Questions and Thoughts on Alcohol.

Hi folks. In my last post I said ask me anything. One should always be careful of what they ask for, right? Okay, today’s post is dedicated mainly to responding to one reader’s question. Here’s the question in his own words.


Dear Ms MacLeod,
 In your post on Wednesday, April 17, 2013, you solicited questions from readers.  I have a question, but don’t want to sound disrespectful or disparaging.  I’m just going to ask and hope you realize that there is no disrespect intended:
 In Fortunate Fire, the reference is most blatant, but it occurs here and there in the St John’s series, too.  Most concisely, the reference is “alcohol is a depressant, why would you want to be depressed?”
 The sentence “alcohol is a depressant” has veracity only if the word “depressant” is used in the pharmaceutical sense meaning sedatives, tranquilizers, anxiolytics and other substances that induce sleep, relieve stress and allay anxiety.  Medically they “depress” (meaning slow down) the central nervous system and one of the results is relaxation of muscles.
 The sentence “why would you want to be depressed” makes sense only if the word “depressed” is used in the psychological meaning of sad, despondent, desolate, melancholy, desperate, gloomy, unhappy, etc.
 Using the same word with two different meanings is called the fallacy of equivocation.
 How is it that none of those people addressed ever respond with “I don’t want to be depressed, and that’s why I’m taking a depressant.”?  This is a similarly equivocal statement which creates a word play with the two different meanings based on recognition that relaxation and stress-relief is one of the best possible treatments for psychological depression.
 Historically alcohol has been long recognized to be a happy-making “depressant”.  (As opposed to “depressed-making”).  Alcohol is called “spirits” because it has historically been recognized to make people happy, ie, “lift their spirits”.  Euripides says, “Wine is the happy antidote for sorrow.” The Bible says, in Judges 9:13, “Wine cheereth God and man”.
 Psalms 104:15, Wine that maketh glad the heart of man.
 Homer: Wine can…make the sage frolic, and the serious smile.
 Ovid: When there is plenty of wine, sorrow and worry take wing.
 Plato: [Wine is] a remedy for the morseness of old age.
 Seneca: Wine is a perfect cure for heaviness and sorrow.
 Aristophanes: When men drink, then they are rich and successful and win lawsuits and are happy and help their friends.  Quickly, bring me a beaker of wine, so that I may wet my mind and say something clever.”
 John Milton: Wine, one sip of this will bathe the drooping spirits in delight beyond the bliss of dreams.  Be wise and taste.
 George Saintsbury: It is the unbroken testimony of history that alcoholic liquors have been used by the strongest, wisest, handsomest, and in every way best races of all time. (Notes on a Cellar-Book)
 And most interestingly, Thucydides: The people of the Mediterranean began to emerge from barbarism when they learnt to cultivate the olive and the vine.
  Happy!  Think happy!
Okay, this man is a friend, and I get the sense here he is playing the devil’s advocate. Sorry, but alcohol is a depressant, period. You cannot separate the two. For every happy drinker I can two who are not. I began a torrid affair with alcohol at a young age and the break up wasn’t pretty.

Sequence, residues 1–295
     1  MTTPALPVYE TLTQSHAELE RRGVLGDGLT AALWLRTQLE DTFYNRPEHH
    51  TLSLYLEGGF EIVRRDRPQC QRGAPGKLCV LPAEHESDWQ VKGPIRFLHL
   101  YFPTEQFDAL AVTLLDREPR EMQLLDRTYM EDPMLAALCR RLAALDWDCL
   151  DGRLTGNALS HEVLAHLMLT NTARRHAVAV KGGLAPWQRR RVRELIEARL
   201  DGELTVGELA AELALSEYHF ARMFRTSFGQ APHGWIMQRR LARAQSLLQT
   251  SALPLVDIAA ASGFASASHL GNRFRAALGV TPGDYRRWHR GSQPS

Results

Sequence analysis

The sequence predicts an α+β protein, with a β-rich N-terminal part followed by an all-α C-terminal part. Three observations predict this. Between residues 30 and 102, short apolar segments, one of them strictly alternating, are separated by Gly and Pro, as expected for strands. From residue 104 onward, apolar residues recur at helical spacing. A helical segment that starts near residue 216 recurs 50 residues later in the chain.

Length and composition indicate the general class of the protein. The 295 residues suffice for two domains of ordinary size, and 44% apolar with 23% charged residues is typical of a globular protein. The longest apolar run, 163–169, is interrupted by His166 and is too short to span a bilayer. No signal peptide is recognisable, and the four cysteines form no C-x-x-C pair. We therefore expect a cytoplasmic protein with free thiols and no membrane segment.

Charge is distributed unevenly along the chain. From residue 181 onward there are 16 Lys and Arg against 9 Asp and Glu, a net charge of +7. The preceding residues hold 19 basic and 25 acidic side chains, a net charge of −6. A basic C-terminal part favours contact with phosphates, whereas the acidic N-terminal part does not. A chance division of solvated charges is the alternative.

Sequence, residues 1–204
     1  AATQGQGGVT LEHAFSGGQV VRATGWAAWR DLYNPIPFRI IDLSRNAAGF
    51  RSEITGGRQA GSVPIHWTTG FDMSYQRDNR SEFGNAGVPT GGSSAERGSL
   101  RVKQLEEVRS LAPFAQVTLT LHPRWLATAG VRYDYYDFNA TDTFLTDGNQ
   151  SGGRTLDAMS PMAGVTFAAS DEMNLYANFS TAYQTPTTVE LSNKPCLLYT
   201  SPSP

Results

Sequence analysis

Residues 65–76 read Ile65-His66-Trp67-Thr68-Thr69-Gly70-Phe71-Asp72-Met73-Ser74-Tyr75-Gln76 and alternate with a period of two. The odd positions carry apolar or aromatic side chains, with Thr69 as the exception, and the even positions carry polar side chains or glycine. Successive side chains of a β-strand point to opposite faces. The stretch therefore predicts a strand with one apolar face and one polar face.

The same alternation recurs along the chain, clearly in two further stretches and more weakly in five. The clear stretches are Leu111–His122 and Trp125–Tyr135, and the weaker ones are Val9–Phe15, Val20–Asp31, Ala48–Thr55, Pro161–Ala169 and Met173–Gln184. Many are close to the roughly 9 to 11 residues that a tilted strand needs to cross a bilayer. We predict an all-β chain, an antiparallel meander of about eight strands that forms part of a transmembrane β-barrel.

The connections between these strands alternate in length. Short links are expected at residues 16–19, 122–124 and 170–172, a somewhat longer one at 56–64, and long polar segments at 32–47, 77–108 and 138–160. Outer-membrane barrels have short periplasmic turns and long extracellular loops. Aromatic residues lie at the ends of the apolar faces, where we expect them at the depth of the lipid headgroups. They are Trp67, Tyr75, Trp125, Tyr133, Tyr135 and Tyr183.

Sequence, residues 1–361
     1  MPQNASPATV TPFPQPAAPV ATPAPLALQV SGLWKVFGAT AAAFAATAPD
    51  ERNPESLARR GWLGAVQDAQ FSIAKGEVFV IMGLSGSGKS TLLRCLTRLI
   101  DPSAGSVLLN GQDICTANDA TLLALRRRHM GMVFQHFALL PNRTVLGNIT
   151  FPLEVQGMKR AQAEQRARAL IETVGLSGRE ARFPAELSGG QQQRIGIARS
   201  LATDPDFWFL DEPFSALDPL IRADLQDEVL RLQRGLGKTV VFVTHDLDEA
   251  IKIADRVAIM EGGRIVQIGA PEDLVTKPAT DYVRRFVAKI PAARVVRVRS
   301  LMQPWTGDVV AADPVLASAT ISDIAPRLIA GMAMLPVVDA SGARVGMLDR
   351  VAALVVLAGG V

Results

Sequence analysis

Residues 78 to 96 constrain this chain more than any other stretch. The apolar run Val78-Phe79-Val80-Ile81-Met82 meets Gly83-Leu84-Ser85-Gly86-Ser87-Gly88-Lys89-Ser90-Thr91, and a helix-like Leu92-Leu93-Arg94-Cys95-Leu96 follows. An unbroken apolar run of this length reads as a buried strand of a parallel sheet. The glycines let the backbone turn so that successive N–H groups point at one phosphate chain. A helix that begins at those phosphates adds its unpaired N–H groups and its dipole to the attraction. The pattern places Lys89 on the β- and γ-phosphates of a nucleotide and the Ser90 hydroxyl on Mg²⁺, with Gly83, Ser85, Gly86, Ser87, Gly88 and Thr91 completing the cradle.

In my personal experience I have held young girls in my arms after they were raped by drunken relatives, I have bandaged children after they were beaten by drunken parents, I have carried broken women from alleyways behind bars, and worse by far was to hold the hand of a parent whose child was killed by a drunk driver.

I have been attacked at a party by a friend who drank too much and I will not repeat the threats uttered by the man who had his hands around my throat. I have seen lifelong friendships ended by a third glass of wine and loose lips and I have held a drunken woman back while the husband she gouged with a broken beer bottle went to hospital.

And I was still under thirty with two small children. My father-in-law of the time was a mean drunk.

I took a hard look at my life and realized that if I avoided alcohol and the places where it was served, life would be very different and far more peaceful. Some of the worst and most dangerous events of my life had alcohol at their core. I quit drinking altogether and began to avoid those who did hoping for a better life. That has proven true.
Having said all that, there is alcohol in my home, although it is an extremely rare occasion that I use it. I still like it, but I recognize the taste of my enemy on my lips. I have a sip from time to time to remind myself of the danger and how easily I could become addicted again. I’m over thirty years sober and it is a lifestyle I do recommend.

So there you have it; the story behind my dislike of drinking. Gordon pointed out the good side of a drink or two, but I have seen the dark side; it still scares me.

Okay, now to my ROW80 confessions. I’ve barely managed to write 2K words this week due to other madness going on around me. (Sorry, I had a list of excuses, but the dogs ate it.) I did read and comment on a few blogs though; that should count. hee hee hee.

Ah well, this is the start of a new week. Yep, I’m still up for it, ask me anything. I do love to hear from you. J

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